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Ocean Science An interactive open-access journal of the European Geosciences Union
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Volume 8, issue 2
Ocean Sci., 8, 197–209, 2012
© Author(s) 2012. This work is distributed under
the Creative Commons Attribution 3.0 License.
Ocean Sci., 8, 197–209, 2012
© Author(s) 2012. This work is distributed under
the Creative Commons Attribution 3.0 License.

Research article 29 Mar 2012

Research article | 29 Mar 2012

An empirical model for the statistics of sea surface diurnal warming

M. J. Filipiak1, C. J. Merchant1, H. Kettle1,*, and P. Le Borgne2 M. J. Filipiak et al.
  • 1Institute of Atmospheric and Environmental Science, School of GeoSciences, The University of Edinburgh, Crew Building, The King's Buildings, West Mains Road, Edinburgh EH9 3JN, UK
  • 2Météo-France/Centre de Météorologie Spatiale, BP 50747, 22307 Lannion Cedex, France
  • *now at: Biomathematics and Statistics Scotland, James Clerk Maxwell Building, The King's Buildings, Mayfield Road, Edinburgh EH9 3JZ, UK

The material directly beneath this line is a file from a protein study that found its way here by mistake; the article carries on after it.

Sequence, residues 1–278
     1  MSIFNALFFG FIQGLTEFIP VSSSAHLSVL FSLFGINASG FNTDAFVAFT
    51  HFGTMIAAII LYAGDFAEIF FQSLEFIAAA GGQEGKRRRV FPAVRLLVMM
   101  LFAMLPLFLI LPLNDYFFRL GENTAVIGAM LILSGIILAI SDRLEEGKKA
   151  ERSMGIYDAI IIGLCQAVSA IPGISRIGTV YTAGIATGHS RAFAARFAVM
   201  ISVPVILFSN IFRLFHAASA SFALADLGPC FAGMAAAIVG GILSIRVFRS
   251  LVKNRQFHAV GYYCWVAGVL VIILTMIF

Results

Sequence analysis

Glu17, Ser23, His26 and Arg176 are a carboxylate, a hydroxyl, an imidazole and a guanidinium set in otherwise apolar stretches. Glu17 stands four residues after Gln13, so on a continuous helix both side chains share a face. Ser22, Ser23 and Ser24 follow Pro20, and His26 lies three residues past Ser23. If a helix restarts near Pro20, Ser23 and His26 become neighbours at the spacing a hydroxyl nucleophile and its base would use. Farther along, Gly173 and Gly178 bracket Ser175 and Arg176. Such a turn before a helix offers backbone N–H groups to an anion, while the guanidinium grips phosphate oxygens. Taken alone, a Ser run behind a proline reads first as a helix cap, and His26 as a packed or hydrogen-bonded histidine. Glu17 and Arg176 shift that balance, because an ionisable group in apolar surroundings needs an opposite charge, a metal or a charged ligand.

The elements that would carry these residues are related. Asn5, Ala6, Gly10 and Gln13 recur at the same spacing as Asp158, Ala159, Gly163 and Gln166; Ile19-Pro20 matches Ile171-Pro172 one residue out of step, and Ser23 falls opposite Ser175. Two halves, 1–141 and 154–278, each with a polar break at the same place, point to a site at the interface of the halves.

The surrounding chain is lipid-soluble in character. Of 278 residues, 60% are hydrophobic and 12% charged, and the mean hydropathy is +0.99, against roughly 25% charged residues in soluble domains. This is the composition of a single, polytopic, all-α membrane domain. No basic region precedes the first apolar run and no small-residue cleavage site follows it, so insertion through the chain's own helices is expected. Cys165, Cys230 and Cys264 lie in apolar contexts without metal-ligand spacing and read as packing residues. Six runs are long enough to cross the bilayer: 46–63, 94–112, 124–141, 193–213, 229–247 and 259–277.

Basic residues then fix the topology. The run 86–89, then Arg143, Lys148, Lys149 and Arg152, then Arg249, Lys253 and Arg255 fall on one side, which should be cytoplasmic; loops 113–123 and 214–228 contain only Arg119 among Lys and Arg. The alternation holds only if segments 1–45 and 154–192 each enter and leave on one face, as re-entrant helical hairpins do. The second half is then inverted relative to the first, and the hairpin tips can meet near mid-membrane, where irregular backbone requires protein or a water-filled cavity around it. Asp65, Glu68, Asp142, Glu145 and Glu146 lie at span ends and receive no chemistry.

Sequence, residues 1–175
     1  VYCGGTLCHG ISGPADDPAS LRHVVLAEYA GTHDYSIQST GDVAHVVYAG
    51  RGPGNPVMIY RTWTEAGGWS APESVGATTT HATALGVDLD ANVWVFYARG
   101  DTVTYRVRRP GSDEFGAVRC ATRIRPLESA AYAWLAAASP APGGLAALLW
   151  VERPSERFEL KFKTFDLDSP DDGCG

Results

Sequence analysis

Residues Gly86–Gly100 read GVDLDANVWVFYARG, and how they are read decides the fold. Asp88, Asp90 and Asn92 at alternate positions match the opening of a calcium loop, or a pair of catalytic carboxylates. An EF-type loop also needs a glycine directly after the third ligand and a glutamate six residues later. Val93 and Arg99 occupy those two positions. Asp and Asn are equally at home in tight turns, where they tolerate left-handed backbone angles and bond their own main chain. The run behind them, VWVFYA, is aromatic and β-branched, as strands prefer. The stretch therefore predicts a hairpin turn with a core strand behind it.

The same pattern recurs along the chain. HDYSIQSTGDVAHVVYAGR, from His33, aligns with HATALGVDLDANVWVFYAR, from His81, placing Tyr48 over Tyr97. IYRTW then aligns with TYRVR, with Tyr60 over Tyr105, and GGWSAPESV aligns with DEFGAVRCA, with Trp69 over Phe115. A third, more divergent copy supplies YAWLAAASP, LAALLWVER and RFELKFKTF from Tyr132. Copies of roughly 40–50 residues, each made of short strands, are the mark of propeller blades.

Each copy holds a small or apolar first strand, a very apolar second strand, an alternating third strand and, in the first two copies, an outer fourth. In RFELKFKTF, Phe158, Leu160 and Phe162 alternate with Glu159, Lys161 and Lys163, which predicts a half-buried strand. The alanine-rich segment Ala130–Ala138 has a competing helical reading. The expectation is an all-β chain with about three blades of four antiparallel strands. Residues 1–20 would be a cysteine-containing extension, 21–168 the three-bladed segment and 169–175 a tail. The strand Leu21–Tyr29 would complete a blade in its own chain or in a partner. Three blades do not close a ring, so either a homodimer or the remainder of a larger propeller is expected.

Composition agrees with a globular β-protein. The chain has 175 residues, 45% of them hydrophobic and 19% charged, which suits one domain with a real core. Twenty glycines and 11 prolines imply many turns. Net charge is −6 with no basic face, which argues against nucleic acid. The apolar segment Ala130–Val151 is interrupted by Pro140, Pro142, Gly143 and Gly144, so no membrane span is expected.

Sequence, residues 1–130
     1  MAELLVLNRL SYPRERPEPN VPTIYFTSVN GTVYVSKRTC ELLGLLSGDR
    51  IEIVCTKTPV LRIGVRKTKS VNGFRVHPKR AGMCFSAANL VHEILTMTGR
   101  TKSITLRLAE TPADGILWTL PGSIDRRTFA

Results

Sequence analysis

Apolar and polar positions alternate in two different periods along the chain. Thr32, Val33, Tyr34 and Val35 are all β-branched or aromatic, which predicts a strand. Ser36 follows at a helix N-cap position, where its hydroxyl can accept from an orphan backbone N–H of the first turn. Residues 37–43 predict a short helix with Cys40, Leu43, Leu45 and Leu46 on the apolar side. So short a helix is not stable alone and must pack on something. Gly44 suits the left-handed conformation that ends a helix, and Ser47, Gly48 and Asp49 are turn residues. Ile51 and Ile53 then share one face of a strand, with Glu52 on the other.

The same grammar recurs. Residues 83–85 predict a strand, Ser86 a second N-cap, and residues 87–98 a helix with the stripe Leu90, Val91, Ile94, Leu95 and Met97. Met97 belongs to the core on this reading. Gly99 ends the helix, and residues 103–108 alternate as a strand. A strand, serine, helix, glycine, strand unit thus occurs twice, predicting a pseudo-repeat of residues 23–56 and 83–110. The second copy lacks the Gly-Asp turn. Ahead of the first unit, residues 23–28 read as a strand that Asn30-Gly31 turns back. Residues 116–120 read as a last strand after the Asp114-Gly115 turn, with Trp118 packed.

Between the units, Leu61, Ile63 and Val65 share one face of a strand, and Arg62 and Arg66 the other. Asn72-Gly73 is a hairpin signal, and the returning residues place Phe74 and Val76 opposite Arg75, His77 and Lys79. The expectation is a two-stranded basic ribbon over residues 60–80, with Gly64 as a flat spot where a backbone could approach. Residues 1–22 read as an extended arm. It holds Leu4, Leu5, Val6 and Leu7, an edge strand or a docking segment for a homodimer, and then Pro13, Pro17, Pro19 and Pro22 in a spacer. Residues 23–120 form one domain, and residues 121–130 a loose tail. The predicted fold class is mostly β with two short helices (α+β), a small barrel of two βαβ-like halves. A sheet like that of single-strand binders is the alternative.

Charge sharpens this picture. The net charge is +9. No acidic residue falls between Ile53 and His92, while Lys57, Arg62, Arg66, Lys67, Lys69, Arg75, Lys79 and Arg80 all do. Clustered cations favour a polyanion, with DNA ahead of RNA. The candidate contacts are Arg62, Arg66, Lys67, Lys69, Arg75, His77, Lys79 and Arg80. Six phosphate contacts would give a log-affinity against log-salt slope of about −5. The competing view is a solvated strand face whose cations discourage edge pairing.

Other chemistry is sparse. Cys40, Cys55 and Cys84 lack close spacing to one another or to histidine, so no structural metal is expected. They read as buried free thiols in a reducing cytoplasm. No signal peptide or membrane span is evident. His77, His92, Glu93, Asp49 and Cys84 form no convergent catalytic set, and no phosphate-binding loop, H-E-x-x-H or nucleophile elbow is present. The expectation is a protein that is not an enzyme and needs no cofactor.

Abstract. A statistical model is derived relating the diurnal variation of sea surface temperature (SST) to the net surface heat flux and surface wind speed from a numerical weather prediction (NWP) model. The model is derived using fluxes and winds from the European Centre for Medium-Range Weather Forecasting (ECMWF) NWP model and SSTs from the Spinning Enhanced Visible and Infrared Imager (SEVIRI). In the model, diurnal warming has a linear dependence on the net surface heat flux integrated since (approximately) dawn and an inverse quadratic dependence on the maximum of the surface wind speed in the same period. The model coefficients are found by matching, for a given integrated heat flux, the frequency distributions of the maximum wind speed and the observed warming. Diurnal cooling, where it occurs, is modelled as proportional to the integrated heat flux divided by the heat capacity of the seasonal mixed layer. The model reproduces the statistics (mean, standard deviation, and 95-percentile) of the diurnal variation of SST seen by SEVIRI and reproduces the geographical pattern of mean warming seen by the Advanced Microwave Scanning Radiometer (AMSR-E). We use the functional dependencies in the statistical model to test the behaviour of two physical model of diurnal warming that display contrasting systematic errors.

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